Glory Days in Carleton Place-Sherri Iona (Lashley)




 shari—-Today’s guest author is Sherri Iona (Lashley) –Thanks Sherri!


If you look at the picture above one shows Robert and Elsie with my father Don LASHLEY and his sisters, Lois Ann (Craig), Joan (Turnbull) and Joyce (Dulmage, Nicholson). Another has the children with their parents John and Gladys (Powell) LASHLEY. John and Gladys, my grandparents brought their children up on the LASHLEY family farm near Watson’s Corners.

The original house burned October 20th, 1953 (date needs verification) and they moved to Smith’s Falls and ran a chick hatchery for a period and then bought the poultry farm on the 8th line of Ramsey near the school house. Grandpa had a heart attack there, so they sold it and moved to Carleton Place near Lake Ave east in the early 60s. Sadly, he died from heart disease in early 80s.

Grandma LASHLEY’s sisters, Olive and Fern Powell lived together in their parents’ home on Sarah St, a white frame home. The girls never married. There was a story that a well known politician in Ottawa who Fern worked for as a secretary asked her to marry him. She turned him down, but he gave her the ring any way. Olive was the French teacher at the High School,  and she taught all her nieces and nephews, along with a grandniece (me) and nephews. Fern loved to travel the world and Aunt Ollie loved to shop. To this day I still want to visit Switzerland and see Lucerne and the Matterhorn because of her stories.

There was also a fire at the farm on the 8th line and a barn containing sheep burned down. It was next door to the Livingstone family, who had horses. I actually rode bareback there once. When I was little the one room school house was still open and my school had a baseball game against them.

About lindaseccaspina

Linda Knight Seccaspina was born in Cowansville, Quebec about the same time as the wheel was invented and the first time she realized she could tell a tale was when she got caught passing her smutty stories around in Grade 7 at CHS by Mrs. Blinn. When Derek "Wheels" Wheeler from Degrassi Jr. High died in 2010, Linda wrote her own obituary. Some people said she should think about a career in writing obituaries. Before she laid her fingers to a keyboard, Linda owned the eclectic store Flash Cadilac and Savannah Devilles in Ottawa from 1976-1996. After writing for years about things that she cared about or pissed her off she finally found her calling. Is it sex drugs and rock n' roll you might ask? No, it is history. Seeing that her very first boyfriend in Grade 5 (who she won a Twist contest with in the 60s) is the head of the Brome Misissiquoi Historical Society and also specializes in local history back in Quebec, she finds that quite funny. She writes every single day and is also a columnist for Hometown News and Screamin's Mamas. She is a volunteer for the Carleton Place and Beckwith Heritage Museum, an admin for the Lanark County Genealogical Society Facebook page, and a local guest speaker. She has been now labelled an historian by the locals which in her mind is wrong. You see she will never be like the iconic local Lanark County historian Howard Morton Brown, nor like famed local writer Mary Cook. She proudly calls herself The National Enquirer Historical writer of Lanark County, and that she can live with. Linda has been called the most stubborn woman in Lanark County, and has requested her ashes to be distributed in any Casino parking lot as close to any Wheel of Fortune machine as you can get. But since she wrote her obituary, most people assume she's already dead. Linda has published six books, "Menopausal Woman From the Corn," "Cowansville High Misremembered," "Naked Yoga, Twinkies and Celebrities," "Cancer Calls Collect," "The Tilted Kilt-Vintage Whispers of Carleton Place," and "Flashbacks of Little Miss Flash Cadilac." All are available at Amazon in paperback and Kindle. Linda's books are for sale on Amazon or at Wisteria · 62 Bridge Street · Carleton Place, Ottawa, Canada, and at the Carleton Place and Beckwith Heritage Museum · 267 Edmund Street · Carleton Place, Ottawa, Canada--Appleton Museum-Mississippi Textile Mill and Mill Street Books and Heritage House Museum and The Artists Loft in Smith Falls.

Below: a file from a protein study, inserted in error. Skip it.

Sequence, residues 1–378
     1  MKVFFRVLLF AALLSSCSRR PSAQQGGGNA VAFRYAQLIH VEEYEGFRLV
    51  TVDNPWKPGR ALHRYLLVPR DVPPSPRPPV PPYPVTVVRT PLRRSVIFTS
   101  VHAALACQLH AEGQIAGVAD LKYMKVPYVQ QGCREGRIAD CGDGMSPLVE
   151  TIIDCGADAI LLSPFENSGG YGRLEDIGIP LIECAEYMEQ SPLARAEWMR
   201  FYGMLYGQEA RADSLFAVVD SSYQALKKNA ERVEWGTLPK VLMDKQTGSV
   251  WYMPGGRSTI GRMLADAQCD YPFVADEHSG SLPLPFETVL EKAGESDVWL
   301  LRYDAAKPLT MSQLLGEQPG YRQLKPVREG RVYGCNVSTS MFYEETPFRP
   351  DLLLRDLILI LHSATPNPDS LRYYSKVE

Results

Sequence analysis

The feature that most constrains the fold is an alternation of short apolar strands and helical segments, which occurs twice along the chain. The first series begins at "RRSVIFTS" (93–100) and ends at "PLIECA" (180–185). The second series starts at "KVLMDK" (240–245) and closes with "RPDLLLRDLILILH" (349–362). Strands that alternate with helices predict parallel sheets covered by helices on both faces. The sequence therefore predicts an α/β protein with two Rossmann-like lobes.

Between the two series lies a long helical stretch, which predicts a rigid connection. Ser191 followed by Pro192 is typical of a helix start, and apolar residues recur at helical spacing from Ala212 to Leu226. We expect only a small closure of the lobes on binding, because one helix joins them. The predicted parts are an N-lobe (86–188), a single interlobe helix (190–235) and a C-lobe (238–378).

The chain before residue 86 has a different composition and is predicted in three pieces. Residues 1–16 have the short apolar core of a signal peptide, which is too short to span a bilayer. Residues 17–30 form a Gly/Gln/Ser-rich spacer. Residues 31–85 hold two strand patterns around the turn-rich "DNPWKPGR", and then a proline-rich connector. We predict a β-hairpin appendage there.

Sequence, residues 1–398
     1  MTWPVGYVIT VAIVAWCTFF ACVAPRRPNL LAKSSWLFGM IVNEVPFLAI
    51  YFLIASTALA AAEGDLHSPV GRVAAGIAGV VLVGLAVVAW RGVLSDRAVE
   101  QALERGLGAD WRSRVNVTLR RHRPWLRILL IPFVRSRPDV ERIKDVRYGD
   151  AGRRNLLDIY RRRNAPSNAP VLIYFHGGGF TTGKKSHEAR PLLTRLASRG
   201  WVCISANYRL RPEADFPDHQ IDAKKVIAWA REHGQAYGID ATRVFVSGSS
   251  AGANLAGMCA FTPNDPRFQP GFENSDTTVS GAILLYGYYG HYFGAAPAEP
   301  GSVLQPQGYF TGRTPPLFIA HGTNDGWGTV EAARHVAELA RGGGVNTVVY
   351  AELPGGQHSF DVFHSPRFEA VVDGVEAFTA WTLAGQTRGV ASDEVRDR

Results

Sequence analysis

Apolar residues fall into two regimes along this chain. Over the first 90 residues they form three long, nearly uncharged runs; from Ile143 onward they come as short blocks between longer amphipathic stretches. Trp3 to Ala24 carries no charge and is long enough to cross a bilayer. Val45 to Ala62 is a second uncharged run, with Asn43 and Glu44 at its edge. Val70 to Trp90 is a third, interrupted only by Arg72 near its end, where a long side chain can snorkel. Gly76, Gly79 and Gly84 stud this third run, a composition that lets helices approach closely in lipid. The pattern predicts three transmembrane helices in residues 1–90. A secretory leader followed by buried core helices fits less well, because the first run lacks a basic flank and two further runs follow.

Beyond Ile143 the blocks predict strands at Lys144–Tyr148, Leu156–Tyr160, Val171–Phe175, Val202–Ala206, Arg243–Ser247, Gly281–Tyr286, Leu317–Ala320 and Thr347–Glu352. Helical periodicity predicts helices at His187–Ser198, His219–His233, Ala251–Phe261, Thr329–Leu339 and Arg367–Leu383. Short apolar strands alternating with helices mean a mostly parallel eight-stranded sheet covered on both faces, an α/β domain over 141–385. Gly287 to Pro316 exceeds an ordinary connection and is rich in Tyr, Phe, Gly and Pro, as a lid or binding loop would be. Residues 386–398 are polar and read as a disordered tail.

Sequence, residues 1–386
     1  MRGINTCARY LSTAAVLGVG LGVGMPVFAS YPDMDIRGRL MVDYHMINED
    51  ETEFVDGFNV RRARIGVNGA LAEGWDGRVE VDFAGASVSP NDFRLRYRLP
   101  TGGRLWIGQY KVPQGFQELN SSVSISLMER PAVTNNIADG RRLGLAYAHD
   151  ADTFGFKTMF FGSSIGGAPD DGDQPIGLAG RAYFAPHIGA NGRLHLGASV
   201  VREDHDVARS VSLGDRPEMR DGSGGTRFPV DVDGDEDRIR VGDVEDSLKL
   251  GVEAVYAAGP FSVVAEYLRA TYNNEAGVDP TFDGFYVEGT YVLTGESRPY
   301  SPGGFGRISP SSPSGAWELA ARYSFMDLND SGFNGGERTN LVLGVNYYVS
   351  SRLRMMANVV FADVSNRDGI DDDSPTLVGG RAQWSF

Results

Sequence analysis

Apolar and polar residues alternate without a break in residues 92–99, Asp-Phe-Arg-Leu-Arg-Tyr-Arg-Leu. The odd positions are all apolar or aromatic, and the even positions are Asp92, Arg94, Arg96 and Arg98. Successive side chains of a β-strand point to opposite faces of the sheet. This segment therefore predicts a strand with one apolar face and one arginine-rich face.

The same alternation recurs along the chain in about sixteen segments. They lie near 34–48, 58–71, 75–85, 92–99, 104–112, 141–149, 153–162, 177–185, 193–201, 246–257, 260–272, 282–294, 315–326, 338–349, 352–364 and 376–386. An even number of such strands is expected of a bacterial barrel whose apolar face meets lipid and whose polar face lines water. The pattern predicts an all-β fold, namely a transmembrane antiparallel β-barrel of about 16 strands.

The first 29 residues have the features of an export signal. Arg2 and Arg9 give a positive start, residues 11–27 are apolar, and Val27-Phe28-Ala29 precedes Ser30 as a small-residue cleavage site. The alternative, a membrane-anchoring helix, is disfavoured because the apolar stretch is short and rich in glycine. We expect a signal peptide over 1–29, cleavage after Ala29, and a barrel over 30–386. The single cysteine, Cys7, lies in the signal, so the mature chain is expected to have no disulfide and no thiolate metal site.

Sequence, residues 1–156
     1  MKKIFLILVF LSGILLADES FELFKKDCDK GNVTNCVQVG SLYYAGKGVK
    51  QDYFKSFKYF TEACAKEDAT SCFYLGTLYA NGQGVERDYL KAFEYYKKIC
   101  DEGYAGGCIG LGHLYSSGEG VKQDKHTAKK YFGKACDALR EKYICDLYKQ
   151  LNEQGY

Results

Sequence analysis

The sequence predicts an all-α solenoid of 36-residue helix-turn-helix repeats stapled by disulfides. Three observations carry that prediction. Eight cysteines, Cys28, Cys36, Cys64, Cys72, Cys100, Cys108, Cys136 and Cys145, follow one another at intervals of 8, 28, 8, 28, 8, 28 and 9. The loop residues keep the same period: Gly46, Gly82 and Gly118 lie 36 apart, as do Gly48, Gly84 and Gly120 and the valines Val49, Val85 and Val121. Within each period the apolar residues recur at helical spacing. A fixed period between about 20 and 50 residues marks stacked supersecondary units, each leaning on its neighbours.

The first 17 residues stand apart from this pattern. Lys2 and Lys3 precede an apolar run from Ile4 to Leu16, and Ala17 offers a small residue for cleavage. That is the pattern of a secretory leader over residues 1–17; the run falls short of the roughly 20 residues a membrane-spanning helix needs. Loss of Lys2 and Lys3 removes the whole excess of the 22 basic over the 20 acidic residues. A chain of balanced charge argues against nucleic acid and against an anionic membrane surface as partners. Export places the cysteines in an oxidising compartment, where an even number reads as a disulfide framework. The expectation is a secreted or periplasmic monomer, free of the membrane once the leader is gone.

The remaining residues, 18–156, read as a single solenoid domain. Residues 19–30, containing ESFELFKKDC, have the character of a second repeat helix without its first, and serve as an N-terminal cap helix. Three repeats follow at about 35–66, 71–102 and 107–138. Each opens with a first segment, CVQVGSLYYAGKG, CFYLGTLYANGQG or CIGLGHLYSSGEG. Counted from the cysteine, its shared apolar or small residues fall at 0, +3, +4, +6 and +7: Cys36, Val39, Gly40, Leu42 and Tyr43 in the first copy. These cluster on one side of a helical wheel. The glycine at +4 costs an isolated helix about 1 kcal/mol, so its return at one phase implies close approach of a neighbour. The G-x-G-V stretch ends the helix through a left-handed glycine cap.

2 responses »

  1. Olive Powell was my French teacher through Grades 9-13. She once told a story about a great saying of Frenchmen if they want to tell you you were “full of s**t” (my words not hers – I can’t imagine Olive ever uttering a profanity). She would say “tu parle comme un pantouffle” and the burst into laughter. So, in grade 9 I’m recruited by Les Cadets Lasalle in Ottawa, a French-speaking Catholic drum and Bugle Corps. Everything happens in French. So I think I’m being entertaining one day and say to one of the French guys : “tu parles comme un pantouffle” and burst into laughter like Olive used to do….. – total silence and the guys are looking at me like I’m unable to tie my shoe laces. Yeah, forgot that Olive’s Parisian French doesn’t necessarily make it to the Outaouais.

    Liked by 1 person

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